Exploring dimensions of motherhood that are far more provocative than discussions of weaning and potty training, these 40 essays strive to offer "an articulate, heartfelt, and sometimes mystified acknowledgment that being a mother is a lifelong lesson in embracing contradiction," according to editors Peri and Moss. Featuring original pieces as well as some that previously appeared in the column by the same name in the online magazine Salon, the collection includes a remarkably wide variety of contributors, from biological to adoptive and lesbian moms and beyond. Anne Lamott dares to reveal that she sometimes takes out her frustations with motherhood on her son because she can, and because he will still love her. Beth Kephart finds inspiration in her disabled son's insistence on playing soccer and struggles to allow him to do it on his own. Susan Straight shares the frayed edges of her life as a single mother of three, while Celeste Fremon finds that former gang members make suitable male role models for her fatherless son. Karen Grigsby Bates combats her son's isolation in a mostly white school by enrolling him in a black social organization. Kim Van Meter recounts the long weekend when she and her partner chose not to adopt a troubled girl. While the essays are not all of the same caliber, even the most ordinary of them will resonate with the thinking mom. Agent, Ellen Levine. Author tour. (May) (c) Copyright PWxyz, LLC. All rights reserved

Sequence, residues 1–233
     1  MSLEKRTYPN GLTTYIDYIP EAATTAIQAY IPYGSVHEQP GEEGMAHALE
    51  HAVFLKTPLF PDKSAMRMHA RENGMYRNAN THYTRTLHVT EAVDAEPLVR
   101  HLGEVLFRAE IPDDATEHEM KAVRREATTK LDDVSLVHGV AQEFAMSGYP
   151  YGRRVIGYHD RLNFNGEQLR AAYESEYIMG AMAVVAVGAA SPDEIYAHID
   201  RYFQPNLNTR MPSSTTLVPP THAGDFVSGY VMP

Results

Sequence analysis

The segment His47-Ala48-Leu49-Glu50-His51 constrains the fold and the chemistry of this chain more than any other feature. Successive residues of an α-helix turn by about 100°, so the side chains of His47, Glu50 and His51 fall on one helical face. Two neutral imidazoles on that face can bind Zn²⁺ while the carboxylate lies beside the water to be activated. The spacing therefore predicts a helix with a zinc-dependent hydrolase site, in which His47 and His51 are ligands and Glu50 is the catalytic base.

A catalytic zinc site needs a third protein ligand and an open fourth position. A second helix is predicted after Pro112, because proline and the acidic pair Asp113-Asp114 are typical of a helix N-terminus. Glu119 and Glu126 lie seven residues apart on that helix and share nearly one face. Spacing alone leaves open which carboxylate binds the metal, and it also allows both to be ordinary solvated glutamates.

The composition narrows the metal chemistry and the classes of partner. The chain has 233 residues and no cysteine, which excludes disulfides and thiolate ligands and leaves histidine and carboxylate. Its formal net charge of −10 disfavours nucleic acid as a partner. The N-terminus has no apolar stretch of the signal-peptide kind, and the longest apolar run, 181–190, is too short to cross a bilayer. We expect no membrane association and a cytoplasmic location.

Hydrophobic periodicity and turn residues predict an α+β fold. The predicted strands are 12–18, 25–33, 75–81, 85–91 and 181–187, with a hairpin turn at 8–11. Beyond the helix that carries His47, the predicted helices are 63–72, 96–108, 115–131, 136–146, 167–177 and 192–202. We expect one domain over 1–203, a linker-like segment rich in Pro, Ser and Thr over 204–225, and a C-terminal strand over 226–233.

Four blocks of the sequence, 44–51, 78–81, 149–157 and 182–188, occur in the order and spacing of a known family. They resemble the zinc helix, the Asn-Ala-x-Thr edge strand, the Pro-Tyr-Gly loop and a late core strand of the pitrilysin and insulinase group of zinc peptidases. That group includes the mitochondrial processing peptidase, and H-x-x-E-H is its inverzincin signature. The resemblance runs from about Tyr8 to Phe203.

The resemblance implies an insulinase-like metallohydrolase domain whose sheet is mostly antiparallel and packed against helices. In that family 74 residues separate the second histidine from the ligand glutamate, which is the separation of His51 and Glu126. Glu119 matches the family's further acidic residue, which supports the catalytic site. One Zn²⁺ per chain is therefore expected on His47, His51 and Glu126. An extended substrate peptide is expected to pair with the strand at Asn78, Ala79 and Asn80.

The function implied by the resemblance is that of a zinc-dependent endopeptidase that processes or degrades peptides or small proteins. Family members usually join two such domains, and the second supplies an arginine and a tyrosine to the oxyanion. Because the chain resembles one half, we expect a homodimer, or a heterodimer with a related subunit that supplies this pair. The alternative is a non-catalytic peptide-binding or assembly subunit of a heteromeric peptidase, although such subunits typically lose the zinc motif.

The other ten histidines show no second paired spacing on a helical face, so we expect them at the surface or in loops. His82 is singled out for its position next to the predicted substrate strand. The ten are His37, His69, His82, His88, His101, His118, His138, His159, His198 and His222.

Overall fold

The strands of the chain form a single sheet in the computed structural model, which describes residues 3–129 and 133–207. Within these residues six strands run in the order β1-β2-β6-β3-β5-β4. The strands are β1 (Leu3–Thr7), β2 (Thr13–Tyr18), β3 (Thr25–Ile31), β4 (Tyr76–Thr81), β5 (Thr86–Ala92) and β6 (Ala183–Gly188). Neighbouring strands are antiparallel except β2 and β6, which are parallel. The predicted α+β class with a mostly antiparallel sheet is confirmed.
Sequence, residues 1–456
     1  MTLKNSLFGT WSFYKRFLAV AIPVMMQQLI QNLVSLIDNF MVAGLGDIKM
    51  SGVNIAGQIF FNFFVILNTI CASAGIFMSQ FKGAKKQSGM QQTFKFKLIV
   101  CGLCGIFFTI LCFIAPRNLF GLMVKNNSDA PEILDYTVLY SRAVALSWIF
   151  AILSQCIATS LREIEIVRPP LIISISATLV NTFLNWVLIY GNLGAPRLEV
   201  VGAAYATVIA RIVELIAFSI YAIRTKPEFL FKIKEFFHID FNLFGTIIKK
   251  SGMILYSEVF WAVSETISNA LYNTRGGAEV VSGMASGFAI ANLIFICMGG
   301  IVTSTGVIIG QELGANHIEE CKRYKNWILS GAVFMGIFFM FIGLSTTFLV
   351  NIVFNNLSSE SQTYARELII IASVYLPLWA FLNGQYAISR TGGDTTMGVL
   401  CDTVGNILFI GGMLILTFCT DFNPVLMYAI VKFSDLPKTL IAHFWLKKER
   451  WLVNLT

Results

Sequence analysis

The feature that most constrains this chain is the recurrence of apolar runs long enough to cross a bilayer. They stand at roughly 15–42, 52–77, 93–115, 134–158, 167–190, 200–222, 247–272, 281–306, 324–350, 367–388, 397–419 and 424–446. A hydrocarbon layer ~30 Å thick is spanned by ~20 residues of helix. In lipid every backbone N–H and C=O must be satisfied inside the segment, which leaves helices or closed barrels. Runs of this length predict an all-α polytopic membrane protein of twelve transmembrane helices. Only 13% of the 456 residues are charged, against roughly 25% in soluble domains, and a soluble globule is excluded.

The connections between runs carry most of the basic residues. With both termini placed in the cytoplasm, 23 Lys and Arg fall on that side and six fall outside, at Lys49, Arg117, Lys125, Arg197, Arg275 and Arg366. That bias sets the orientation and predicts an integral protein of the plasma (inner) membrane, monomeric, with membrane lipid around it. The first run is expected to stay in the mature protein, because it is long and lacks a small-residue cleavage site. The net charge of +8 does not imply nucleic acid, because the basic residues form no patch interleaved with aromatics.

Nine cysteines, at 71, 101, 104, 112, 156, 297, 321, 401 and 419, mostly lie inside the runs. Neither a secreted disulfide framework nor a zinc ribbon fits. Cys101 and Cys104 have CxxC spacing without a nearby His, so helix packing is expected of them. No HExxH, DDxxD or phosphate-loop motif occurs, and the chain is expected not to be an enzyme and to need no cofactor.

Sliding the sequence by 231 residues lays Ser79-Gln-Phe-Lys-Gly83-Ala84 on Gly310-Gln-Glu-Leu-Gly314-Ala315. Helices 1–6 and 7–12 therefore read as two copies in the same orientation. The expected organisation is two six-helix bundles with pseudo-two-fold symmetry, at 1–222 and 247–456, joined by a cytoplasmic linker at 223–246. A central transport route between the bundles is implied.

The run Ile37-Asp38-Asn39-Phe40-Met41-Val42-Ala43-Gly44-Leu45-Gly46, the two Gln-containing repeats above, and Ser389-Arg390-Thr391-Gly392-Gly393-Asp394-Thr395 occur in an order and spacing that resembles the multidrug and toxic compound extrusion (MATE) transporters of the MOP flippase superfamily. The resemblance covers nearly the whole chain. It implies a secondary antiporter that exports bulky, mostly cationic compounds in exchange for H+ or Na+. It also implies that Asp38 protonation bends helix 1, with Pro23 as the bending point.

Mother Anger: Theory and Practice ANNE LAMOTT I NEED TO PUT in a quick disclaimer so when I say what I'm about to, you will know that the truest thing in the world is that I love my son literally more than life itself. I would rather be with him, talk to him, and watch him grow than anything else on earth. Okay? So: I woke up one recent morning and lay in bed trying to remember if the night before I had actually threatened to have my son's pets put to sleep, or whether I had only insinuated that I would no longer intercede to keep them alive when, due to his neglect, they began starving to death. I'm pretty sure I only threatened to not intercede. But there have been other nights when I've made worse threats, thrown toys off the deck into the street and slammed the door to his room so hard things fell off his bookshelf. I have screamed at him with such rage for ignoring me that you would have thought he'd tried to set my bed on fire. And the list goes on. He is an unusually good boy at other people's houses. He is the one the other mothers want to come play with their children. At other people's homes, my child does not suck the energy and air out of the room. He does not do the same annoying thing over and over and over until his friends' parents need to ask him through clenched teeth to stop doing this. But at our house, he--comment se dit?--fucks with me. He can provoke me into a state of something similar to road rage. I have felt many times over the years that I was capable of hurting him. I have not done this yet. Or at any rate, I have hurt him only a little--I have spanked him a few times, yanked him and grabbed him too hard. I have managed to stay on this side of the line. If you've gone over the line and hurt your child, obviously you need to get help--and soon--but in the meantime, we want you to know we've all been there. (If you don't have the money or anywhere else to turn, please write to me care of this publisher and I'll do whatever I can to help you.) When Sam was a colicky baby, it was one thing. I felt free to discuss my terrible Caliban feelings because I was so exhausted and hormonal and without a clue as to how to be a real mother that I believed anyone would understand my feelings. I felt confused, though, that no one tells you when you're pregnant how insane you're going to feel after the baby comes, how pathological, how inept and out of control. Or how, when they get older, you'll still sometimes feel exhausted, hormonal, without a clue. You'll still find your child infuriating. Also--I am just going to go ahead and blurt this out--dull. A few mothers seem happy with their children all the time, as if they're sailing through motherhood, entranced. However, up close and personal, you find that these moms tend to have tiny little unresolved issues: They exercise three hours a day or check their husband's pockets every night looking for motel receipts. Because not only do moms get very mad; they also get bored. This is a closely guarded secret, as if the myth of maternal bliss is so sacrosanct that we can't even admit these feelings to ourselves. But when you mention these feelings to other mothers, they all say, "Yes, yes!" You ask, "Are you ever mean to your children?" "Yes!" "Do you ever yell so that it scares you?" "Yes, yes!" "Do you ever want to throw yourself down the back stairs because you're so bored with your child that you can hardly see straight?" "Yes, Lord, yes, thank you, thank you . . ." So, let's talk about this. One reason I think we get so angry at our children is because we can. Who else can you talk to like this? Can you imagine hissing at your partner, "You get off the phone now! No, not in five minutes . . ."? Or saying to a friend, "You get over here right this second! And the longer you make me wait, the worse it's going to be for you." Or, while talking to a salesman at Sears who happens to pick up the ringing phone, grabbing his arm too hard and shouting, "Don't you dare answer the phone when I'm talking to you!" No, you can't. If regular people saw your secret angry inside self, they'd draw back when they saw you coming. They would see you for what you are--human, flawed, more nuts than had been hoped--and they would probably not want to hire or date you. Of course, most people have such bit parts in your life that they're not around to see the whole, erratic panoply that is you. Or they actually pay for the privilege of torturing you. But children--God, attending to all their needs is so exhausting that our blowups may be like working out cramps in our legs. You feel sometimes like male emperor penguins after the eggs are laid, standing there in the cold holding the eggs on their fuzzy, feather-warm feet. They have to stand there, because to lay the eggs down on the snow would mean death. And maybe in the deep freeze, emotions don't run so hot, because otherwise, I tell you, I would last about twenty minutes as a penguin. The tyranny of waking up a sleepy child at 7:00 a.m. and hassling him to get him clothed and fed in preparation for school means you're chronically tired, resentful, and resented. Then, in this condition, while begging him to put on socks, you are inevitably treated to an endless and intricate précis of Rugrats. It's like having Pauly Shore administer the Chinese water torture. This is how Sam told me about his school day while I was trying to watch the news last night: "So David says she didn't draw it and then she goes like, she did draw the picture herself, and then he goes like, 'Oh yeah,' and then she goes like, 'Yeah, I asked her to but she said I had to,' and then he goes like, 'Oh, yeah, riiiight,' then I go . . ." I am not an ageist. If Jesus wanted to tell me in great detail how he runs the fifty-yard dash while I was watching the news, I'd be annoyed with Him too: "See, most kids start out like this--the first step is a big one, like this--no, watch--and then the second is smaller, like this, and the next--no, watch, I'm almost done--so see, what I do is, I start like everyone else--watch--but then my third step is like small, and the next one is bigger, so like, this PE teacher who sees me do it goes, 'Whoa, Lord, cool,' and then she goes . . ." Before we go on, I want to say that people who didn't want children just roll their eyes when you complain, because they think you brought this on yourself. Comedian Rita Rudner once said that she and her husband were trying to decide whether to buy a dog or have a child--whether to ruin their carpets or their lives. So people without children tend not to feel very sympathetic. But some of us wanted children--and what they give is so rich, you can hardly bear it. At the same time, if you need to yell, children are going to give you something to yell about. There's no reasoning with them. If you get into a disagreement with a regular person, you slog through it; listen to the other person's position, needs, problems; and somehow you arrive at something that is maybe not perfect, but you don't actually feel like smacking them. But because we are so tired sometimes, when a disagreement starts with our child, we can only flail miserably through time and space and the holes in between; and then we blow our top. Say, for instance, that your child is four and going through the stage when he will only wear the T-shirt with the tiger on it. With a colleague who was hoping you'd come through with the professional equivalent of washing his tiger T-shirt every night, you might be able to explain to him that you were up until dawn on deadline, or you've got a fever, and so did not get to the laundry. And the colleague might cut you some slack and try to understand that you simply hadn't had time to wash the tiger shirt, and besides, he's worn it now four days in a row. But your child is apt to--well, let's say, apt to not. They can be like rats. I mean this in the nicest possible way. They may still be drooling, covered with effluvia, trying to wrestle underpants on over their heads because they think they're shirts, but in the miniature war room of their heads, they still know where your nuclear button is. They may ignore you, or seem troubled by hearing loss, or erupt in fury at you, or weep, but in any case, they're so unreasonable and capable of such meanness that you're stunned and grief-stricken about how much harder it is than you could have imagined. All you're aware of is the big, windy gap between you and your lack of anything left to give, any solution whatsoever. Friends without children point out the good news: that kids haven't, thank God, taken all their impulses and learned to disguise them subtly. Maybe what kids want and when they want it is in your face, they'll say, but still, it's wonderful for people to be who they really are. And you can only say, "Thank you so much for sharing." Because it's not wonderful when kids ignore you, or are being sassy and oppositional. It's not wonderful when you're coping well enough, feeding them, helping them get ready, trying to get them to do something in their best interests--like "Zip up the pants, honey, that's not a great look for you"--and then, under the rubric of What Fresh Hell Is This? the play date for the afternoon calls and cancels, and then there's total despair and hysteria because your child is going to have to hang out here alone with you, horrible you, and he's sobbing like the dog has died, and you're thinking, What about all those times this week when I did arrange play dates? Do I get any fucking credit for that? And it happens. Kaboooom. It's so ugly and scary for everyone concerned that--well. One of my best friends, the gentlest person I know, once tore the head off his daughter's doll. And then threw it to her, like a baseball pitch. And I love that in a guy, or at least I love that he told me about it when I was in despair about a recent rage at Sam. Because, while I'm not sure what the solution is, I know that what doesn't help is the terrible feeling of isolation, the fear that everyone else is doing better. Of course, it helps if you can catch yourself before you blow up, if you give one of you a time-out. I'm sure it helps to have a spouse, and it also helps when people tell you their own terrible stories of blowing up, so you can laugh about it: At one of my lowest points, a friend--a teacher--told me that she looks at her child and thinks: I gave you life. So if I kill you, it's a wash. What has helped recently was figuring out that when we blow up at our kids, we only think we're going from zero to sixty in one second. Our surface and persona is so calm that when the problem first begins, we sound in control when we say, "Now, honey, stop that," or "That's enough." But it's only an illusion. Because actually, all day we've been nursing anger toward the boss or boyfriend or mother, but because we can't get mad at nonkid people, we stuff it down; we keep going without blowing up because we don't want to lose our jobs or partners or reputations. So when the problem with your kid starts up, you're actually starting at fifty-nine, only you're not moving. You're at high idle already, but you are not even aware of how vulnerable and disrespected you already feel. It's your child's bedtime and all you want from Jesus or Baruch Hashem is for He/She/It to help your child go to sleep so you can lie down and stare at the TV--and it starts up. "Mama, I need to talk to you. It's important." So you go in and you muster patience, and you help him with his fears or his thirst, and you go back to the living room and sink down into your couch, and then you hear, "Mama? Please come here one more time." You lumber in like you're dragging a big dinosaur tail behind you and you rub his back for a minute, his sharp angel shoulder blades. But the third time he calls for you, you try to talk him out of needing you, only he seems to have this tiny problem with self-absorption, and he can't hear that you can't be there for him. And you become wordless with rage. You try to breathe, you try everything, and then you blow. You scream, "God fucking damnit! What! What? Can't you leave me alone for four seconds?" Now your child feels much safer, more likely to drift off to sleep. Good therapy helps. Good friends help. Pretending that we are doing better than we are doesn't. Shame doesn't. Being heard does. When I talk about it, I don't feel so afraid. The fear is the worst part, the fear about who you secretly think you are, the fear you see in your child's eyes. But underneath the fear I keep finding resiliency, forgiveness, even grace. The third time Sam called for me the other night, and I finally blew up in the living room, there was a great silence in the house, silence like suspended animation: Here I'd been praying for silence, and then it turns out to be so charged and toxic. I lay on the couch with my hands over my face, just shocked by how hard it is to be a parent. And after a minute Sam sidled out into the living room because he still needed to see me, he needed to snuggle with me, with mean me, he needed to find me--like the baby spider pushing in through the furry black legs of the mother tarantula, knowing she's in there somewhere. Excerpted from Mothers Who Think: Tales of Real-Life Parenthood by Kate Moses, Camille Peri All rights reserved by the original copyright owners. Excerpts are provided for display purposes only and may not be reproduced, reprinted or distributed without the written permission of the publisher.